(5) By motion in the cause in an action for annulment, or an action for divorce, either absolute or from bed and board, or an action for alimony without divorce.

(6) Upon the court’s own motion in an action for annulment, or an action for divorce, either absolute or from bed and board, or an action for alimony without divorce.

(7) In any of the foregoing the judge may issue an order requiring that the body of the minor child be brought before him.

(c) Jurisdiction in Actions or Proceedings for Child Support and Child Custody. –

(1) The jurisdiction of the courts of this State to enter orders providing for the support of a minor child shall be as in actions or proceedings for the payment of money or the transfer of property.

(2) The courts of this State shall have jurisdiction to enter orders providing for the custody of a minor child under the provisions of G.S. 50A‑201, 50A‑202, and 50A‑204.

(3) through (6) Repealed by Session Laws 1979, c. 110, s. 12.

(d) Service of Process; Notice; Interlocutory Orders. –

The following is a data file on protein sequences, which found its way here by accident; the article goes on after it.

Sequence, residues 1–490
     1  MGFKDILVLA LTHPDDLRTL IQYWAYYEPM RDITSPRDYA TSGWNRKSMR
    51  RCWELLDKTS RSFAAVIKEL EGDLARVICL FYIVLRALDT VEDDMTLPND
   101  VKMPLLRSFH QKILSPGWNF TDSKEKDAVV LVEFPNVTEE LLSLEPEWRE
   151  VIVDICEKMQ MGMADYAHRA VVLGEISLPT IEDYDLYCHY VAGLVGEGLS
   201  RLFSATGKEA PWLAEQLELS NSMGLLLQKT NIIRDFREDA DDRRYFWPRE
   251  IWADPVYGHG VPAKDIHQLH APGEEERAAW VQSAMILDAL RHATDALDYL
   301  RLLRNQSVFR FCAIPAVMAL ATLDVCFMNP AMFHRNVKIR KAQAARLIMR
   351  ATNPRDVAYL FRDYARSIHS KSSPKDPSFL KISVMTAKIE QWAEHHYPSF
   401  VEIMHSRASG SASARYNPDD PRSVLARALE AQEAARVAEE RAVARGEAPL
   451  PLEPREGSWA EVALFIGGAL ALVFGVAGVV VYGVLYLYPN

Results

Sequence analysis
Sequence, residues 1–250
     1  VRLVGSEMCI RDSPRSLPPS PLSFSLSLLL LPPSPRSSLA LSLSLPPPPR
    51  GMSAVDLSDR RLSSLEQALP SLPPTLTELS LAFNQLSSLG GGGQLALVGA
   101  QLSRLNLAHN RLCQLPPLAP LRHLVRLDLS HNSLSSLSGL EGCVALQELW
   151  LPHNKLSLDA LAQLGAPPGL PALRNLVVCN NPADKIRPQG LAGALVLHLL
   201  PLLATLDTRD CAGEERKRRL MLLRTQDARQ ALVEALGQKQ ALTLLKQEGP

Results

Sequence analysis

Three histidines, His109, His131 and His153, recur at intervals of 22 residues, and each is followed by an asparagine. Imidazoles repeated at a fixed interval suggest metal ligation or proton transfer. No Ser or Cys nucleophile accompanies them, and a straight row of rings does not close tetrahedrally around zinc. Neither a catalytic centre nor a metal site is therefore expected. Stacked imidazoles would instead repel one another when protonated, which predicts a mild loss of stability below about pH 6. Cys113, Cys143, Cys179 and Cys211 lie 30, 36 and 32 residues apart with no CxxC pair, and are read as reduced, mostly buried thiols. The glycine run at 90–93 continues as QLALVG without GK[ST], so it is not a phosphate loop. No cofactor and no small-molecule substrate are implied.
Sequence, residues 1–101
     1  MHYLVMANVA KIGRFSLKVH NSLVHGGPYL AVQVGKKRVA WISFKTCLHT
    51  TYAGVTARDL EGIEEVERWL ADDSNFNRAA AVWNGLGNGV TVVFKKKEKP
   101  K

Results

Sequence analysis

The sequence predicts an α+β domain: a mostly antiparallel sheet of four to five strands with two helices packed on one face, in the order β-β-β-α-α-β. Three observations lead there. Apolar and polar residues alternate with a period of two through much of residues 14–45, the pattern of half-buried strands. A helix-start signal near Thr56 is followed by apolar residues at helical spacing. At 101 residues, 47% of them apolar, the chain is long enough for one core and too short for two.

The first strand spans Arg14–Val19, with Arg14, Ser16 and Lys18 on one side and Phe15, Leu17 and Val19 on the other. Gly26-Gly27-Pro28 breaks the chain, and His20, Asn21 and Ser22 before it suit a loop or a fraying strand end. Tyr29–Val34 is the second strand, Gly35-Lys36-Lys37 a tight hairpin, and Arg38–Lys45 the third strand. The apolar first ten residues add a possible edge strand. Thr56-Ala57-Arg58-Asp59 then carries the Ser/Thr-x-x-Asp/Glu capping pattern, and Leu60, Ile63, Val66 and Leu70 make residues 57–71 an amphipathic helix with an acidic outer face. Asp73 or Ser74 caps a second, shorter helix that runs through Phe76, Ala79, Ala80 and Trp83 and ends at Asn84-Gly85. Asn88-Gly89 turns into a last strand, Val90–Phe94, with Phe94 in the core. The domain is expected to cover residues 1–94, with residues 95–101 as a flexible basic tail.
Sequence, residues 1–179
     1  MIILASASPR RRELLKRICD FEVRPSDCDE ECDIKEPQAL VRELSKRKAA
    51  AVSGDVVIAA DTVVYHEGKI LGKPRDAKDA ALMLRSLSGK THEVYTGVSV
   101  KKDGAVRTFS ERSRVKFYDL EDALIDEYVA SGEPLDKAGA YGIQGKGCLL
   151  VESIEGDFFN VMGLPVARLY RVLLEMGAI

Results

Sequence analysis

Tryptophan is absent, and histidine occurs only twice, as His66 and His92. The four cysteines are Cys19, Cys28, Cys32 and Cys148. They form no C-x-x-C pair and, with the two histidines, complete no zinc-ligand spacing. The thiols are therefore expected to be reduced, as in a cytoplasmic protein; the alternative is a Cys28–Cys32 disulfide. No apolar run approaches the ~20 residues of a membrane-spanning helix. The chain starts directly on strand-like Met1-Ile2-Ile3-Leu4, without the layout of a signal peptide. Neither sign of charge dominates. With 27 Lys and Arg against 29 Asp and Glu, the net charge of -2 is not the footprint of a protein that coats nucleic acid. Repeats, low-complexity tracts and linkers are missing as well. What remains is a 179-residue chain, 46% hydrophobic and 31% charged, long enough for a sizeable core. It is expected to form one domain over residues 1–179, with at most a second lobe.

(1) Service of process in civil actions for the custody of minor children shall be as in other civil actions. Motions for support of a minor child in a pending action may be made on 10 days notice to the other parties and compliance with G.S. 50‑13.5(e). Motions for custody of a minor child in a pending action may be made on 10 days notice to the other parties and after compliance with G.S. 50A‑205.

(2) If the circumstances of the case render it appropriate, upon gaining jurisdiction of the minor child the court may enter orders for the temporary custody and support of the child, pending the service of process or notice as herein provided.

(3) A temporary order for custody which changes the living arrangements of a child or changes custody shall not be entered ex parte and prior to service of process or notice, unless the court finds that the child is exposed to a substantial risk of bodily injury or sexual abuse or that there is a substantial risk that the child may be abducted or removed from the State of North Carolina for the purpose of evading the jurisdiction of North Carolina courts.